The authors declare that they have no competing interests.
The study was designed by MAB and LJ. LJ managed data collection as well as cleaning and processing all data ready for statistical analysis. Data analysis was undertaken by MAB. All authors contributed to reviewing relevant literature and writing, editing and final approval of the manuscript.
Internationally, studies show that similar levels of alcohol consumption in deprived communities (vs. more affluent) result in higher levels of alcohol-related ill health. Hypotheses to explain this alcohol harm paradox include deprived drinkers: suffering greater combined health challenges (e.g. smoking, obesity) which exacerbate effects of alcohol harms; exhibiting more harmful consumption patterns (e.g. bingeing); having a history of more harmful consumption; and disproportionately under-reporting consumption. We use a bespoke national survey to assess each of these hypotheses.
A national telephone survey designed to test this alcohol harm paradox was undertaken (May 2013 to April 2014) with English adults (n = 6015). Deprivation was assigned by area of residence. Questions examined factors including: current and historic drinking patterns; combined health challenges (smoking, diet, exercise and body mass); and under-reported consumption (enhanced questioning on atypical/special occasion drinking). For each factor, analyses examined differences between deprived and more affluent individuals controlled for total alcohol consumption.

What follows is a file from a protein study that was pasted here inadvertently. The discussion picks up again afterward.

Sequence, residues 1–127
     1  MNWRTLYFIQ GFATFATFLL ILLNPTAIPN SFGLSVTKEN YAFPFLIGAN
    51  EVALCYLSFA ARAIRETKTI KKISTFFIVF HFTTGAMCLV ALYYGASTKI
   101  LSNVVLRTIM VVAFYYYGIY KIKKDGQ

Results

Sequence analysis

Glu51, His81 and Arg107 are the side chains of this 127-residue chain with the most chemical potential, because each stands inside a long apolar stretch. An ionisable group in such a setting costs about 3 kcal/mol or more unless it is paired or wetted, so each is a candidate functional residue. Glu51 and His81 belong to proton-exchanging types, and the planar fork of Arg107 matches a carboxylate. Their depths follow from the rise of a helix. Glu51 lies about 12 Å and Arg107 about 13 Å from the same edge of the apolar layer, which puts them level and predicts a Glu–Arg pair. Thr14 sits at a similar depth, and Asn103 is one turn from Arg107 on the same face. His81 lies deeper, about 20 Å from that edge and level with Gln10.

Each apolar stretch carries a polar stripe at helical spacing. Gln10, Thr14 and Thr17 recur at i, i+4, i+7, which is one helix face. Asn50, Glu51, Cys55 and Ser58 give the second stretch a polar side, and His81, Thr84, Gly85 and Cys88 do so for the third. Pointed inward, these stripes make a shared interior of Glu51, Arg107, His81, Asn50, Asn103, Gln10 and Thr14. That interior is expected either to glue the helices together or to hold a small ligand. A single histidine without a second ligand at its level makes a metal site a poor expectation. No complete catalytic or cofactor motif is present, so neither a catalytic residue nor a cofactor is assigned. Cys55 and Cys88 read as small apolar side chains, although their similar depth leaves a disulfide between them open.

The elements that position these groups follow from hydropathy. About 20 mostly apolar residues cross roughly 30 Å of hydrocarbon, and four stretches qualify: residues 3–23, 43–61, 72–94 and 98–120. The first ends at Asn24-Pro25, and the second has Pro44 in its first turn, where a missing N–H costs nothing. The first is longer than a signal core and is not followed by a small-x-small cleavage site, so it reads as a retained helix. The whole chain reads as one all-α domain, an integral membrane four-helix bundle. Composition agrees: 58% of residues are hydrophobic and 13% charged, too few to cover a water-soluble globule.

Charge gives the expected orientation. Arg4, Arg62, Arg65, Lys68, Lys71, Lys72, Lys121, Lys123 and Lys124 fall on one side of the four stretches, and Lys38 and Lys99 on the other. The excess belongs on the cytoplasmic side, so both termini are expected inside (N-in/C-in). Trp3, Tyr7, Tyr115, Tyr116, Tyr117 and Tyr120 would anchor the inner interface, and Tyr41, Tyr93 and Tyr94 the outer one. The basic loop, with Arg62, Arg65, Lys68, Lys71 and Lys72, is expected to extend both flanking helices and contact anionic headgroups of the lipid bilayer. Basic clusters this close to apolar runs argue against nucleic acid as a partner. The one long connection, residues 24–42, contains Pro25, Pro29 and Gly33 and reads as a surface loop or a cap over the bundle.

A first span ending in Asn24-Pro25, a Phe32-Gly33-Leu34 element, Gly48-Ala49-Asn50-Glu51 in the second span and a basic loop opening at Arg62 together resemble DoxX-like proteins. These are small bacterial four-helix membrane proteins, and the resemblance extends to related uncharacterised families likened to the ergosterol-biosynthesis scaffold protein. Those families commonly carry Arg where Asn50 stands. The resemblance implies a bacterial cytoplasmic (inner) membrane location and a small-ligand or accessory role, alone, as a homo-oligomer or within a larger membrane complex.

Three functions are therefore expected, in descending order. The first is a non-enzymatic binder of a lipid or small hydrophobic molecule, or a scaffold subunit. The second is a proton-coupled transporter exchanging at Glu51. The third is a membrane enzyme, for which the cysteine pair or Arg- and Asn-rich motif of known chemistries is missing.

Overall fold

Independent of total consumption, deprived drinkers were more likely to smoke, be overweight and report poor diet and exercise. Consequently, deprived increased risk drinkers (male >168–400 g, female >112–280 g alcohol/week) were >10 times more likely than non-deprived counterparts to drink in a behavioural syndrome combining smoking, excess weight and poor diet/exercise. Differences by deprivation were significant but less marked in higher risk drinkers (male >400 g, female >280 g alcohol/week). Current binge drinking was associated with deprivation independently of total consumption and a history of bingeing was also associated with deprivation in lower and increased risk drinkers.
Deprived increased/higher drinkers are more likely than affluent counterparts to consume alcohol as part of a suite of health challenging behaviours including smoking, excess weight and poor diet/exercise. Together these can have multiplicative effects on risks of wholly (e.g. alcoholic liver disease) and partly (e.g. cancers) alcohol-related conditions. More binge drinking in deprived individuals will also increase risks of injury and heart disease despite total alcohol consumption not differing from affluent counterparts. Public health messages on how smoking, poor diet/exercise and bingeing escalate health risks associated with alcohol are needed, especially in deprived communities, as their absence will contribute to health inequalities.